4 Sep 14 at 1:14 pm

  26. Wally – in fairness to you, minor league relief pitchers rarely show up on any team’s top 20 prospects list unles they are a blue chip draft picks like Storen. Barrett’s emergence is not surprising given the Nats’ organizational philosophy under Rizzo, namely accumulate as many hard throwers as possible and hope a few of them learn to harness their stuff. That goes a long way to explaining why they were so patient with Henry Roriguez.

    And don’t forget Treinen. He also throws smoke, and with the rotation likely full through the end of 2015, I’ve heard mention that he is viewed by the organization as a potential future closer. In fact, I wouldn’t be surprised if he has a great September that he ends up on the playoff roster as well. That would give them a postseason pen of Soriano, Clippard, Storen, Thorton, Roark, Barrett, Stammen and Treinen with Blevins AND Detwiler as the odd men out.


    4 Sep 14 at 2:08 pm

  27. Relief pitchers never get any press from prospect hounds because they’re almost always failed starters. Well that and they’re fungible/replaceable/fringe members of a 25-man roster. Kind of like backup middle infielders.

    And I’ll freely admit I pay almost no attention to relievers in my own analysis. Maybe that’s not fair … but it also may just be a function of time. Tracking 5-6 rotation guys per 6 levels is nearly 40 starters to keep an eye on at any given time. If you were throw in a full reliever set for each of our 6 levels (not including DSL which i long ago gave up on tracking) would more than double the workload. Once a year I check in with relievers unless someone’s putting up psychotic numbers (think Manno a few years ago, Grace/Martin this year). So I too really didn’t know anything about Barrett or Davis til they were protected … and yeah, he’s a beast.

    I hope they don’t convert Treinen to relief; flip him instead. That’s what you do with prospect depth.

    Todd Boss

    4 Sep 14 at 3:42 pm

  28. Barrett was a known quantity among followers of the minor league system ever since he turned the corner. He dominated Double A last year in such a way that the astute Menhart was quoted in mid-year to be saying that he could pitch in the major leagues last year. He has long been known to have the closer makeup; it’s not just that he does not have a full repertoire. You gotta have balls. Perhaps some middle relievers are failed closers.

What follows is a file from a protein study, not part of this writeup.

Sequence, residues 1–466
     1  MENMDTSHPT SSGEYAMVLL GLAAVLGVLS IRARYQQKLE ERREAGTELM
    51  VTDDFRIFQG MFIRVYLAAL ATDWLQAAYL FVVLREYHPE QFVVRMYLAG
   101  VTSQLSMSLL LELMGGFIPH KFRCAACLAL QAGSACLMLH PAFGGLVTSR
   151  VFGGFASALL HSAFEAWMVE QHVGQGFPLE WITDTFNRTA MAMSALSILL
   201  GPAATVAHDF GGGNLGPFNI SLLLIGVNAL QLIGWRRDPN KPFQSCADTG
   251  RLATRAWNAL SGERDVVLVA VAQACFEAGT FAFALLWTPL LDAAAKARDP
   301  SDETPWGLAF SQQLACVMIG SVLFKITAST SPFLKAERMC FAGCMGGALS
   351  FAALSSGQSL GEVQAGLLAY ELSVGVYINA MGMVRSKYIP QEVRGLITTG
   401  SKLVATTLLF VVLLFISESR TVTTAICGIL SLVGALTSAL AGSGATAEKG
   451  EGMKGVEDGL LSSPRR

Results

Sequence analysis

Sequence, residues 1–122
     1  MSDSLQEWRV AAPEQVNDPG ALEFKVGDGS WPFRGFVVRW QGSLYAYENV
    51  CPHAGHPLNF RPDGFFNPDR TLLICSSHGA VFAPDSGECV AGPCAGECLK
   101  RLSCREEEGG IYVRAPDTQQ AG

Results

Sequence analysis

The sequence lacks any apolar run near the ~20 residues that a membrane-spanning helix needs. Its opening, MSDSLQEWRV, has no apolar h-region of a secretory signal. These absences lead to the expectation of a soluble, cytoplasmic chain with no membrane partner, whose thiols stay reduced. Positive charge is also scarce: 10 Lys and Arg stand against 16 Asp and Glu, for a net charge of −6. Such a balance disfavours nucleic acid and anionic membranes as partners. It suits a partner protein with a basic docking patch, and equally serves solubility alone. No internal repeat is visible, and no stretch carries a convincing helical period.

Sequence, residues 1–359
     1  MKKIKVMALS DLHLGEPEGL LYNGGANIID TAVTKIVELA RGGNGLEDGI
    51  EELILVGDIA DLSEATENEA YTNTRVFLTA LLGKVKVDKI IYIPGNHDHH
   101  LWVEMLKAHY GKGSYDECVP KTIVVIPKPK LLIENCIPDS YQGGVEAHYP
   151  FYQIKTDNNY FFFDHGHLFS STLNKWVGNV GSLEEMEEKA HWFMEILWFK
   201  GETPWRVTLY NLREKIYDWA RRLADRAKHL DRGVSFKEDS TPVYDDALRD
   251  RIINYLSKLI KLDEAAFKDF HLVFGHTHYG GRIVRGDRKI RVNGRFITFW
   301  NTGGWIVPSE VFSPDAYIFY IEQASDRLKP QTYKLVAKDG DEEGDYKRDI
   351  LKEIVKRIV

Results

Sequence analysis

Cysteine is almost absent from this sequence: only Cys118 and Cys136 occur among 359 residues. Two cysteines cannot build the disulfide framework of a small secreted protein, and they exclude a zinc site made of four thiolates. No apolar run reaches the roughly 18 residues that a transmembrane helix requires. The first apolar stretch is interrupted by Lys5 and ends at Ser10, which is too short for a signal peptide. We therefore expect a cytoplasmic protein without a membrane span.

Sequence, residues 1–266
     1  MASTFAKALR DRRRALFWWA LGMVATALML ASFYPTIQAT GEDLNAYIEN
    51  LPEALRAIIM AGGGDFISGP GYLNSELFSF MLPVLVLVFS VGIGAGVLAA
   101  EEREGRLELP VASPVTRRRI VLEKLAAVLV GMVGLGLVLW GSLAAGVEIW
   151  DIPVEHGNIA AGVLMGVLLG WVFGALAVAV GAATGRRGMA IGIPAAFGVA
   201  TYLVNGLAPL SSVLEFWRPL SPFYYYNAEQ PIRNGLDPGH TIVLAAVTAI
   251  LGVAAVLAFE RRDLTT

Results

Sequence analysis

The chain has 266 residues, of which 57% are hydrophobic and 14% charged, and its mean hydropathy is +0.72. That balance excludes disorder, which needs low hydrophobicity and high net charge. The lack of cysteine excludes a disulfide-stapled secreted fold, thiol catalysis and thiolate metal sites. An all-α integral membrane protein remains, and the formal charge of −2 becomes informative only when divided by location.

The beat writers for the minor league teams are often highly informative. Geoff Morrow, who covers the Harrisburg Senators at Penn Live, is particularly thoughtful about putting quotes in from managers and coaches throughout his coverage. These morsels may tell you a lot, especially when they do not come from hypesters. Otherwise, you read subtext. For example, it is obvious from the day to day coverage of the Senators, for example, that Michael taylor was the special kind of player that you go to a game just to watch his at-bats. That has not yet translated at the AAA or ML level, but those kinds of things transcend statistics and strikeout numbers.

    The best prospect watchers are the Nats staff themselves and the managers who rate them for Baseball America after watching them play. This year, for example, they were the first to herald the leaps forward for Hood, Perez, and Difo. As they say, “just ask the locals.”


    5 Sep 14 at 6:31 am

  29. One interesting footnote to this discussion is that the Nats have successful starting pitchers who started out as long relievers this year for lack of open spots and gained opportunity through injury, coupled with their own great success.

    It will be no different next year.

    I track the folks who are throwing 3-4 inning stints as potential starters in waiting. That’s how John Simms started this year, for example, and he ended up rising higher than any 2013 draft pick to date.

    The AFL squad is made up of almost 50% relief pitchers. Developing them and discerning whose stuff plays at the highest level is still part of the overall mandate for success.


    5 Sep 14 at 7:05 am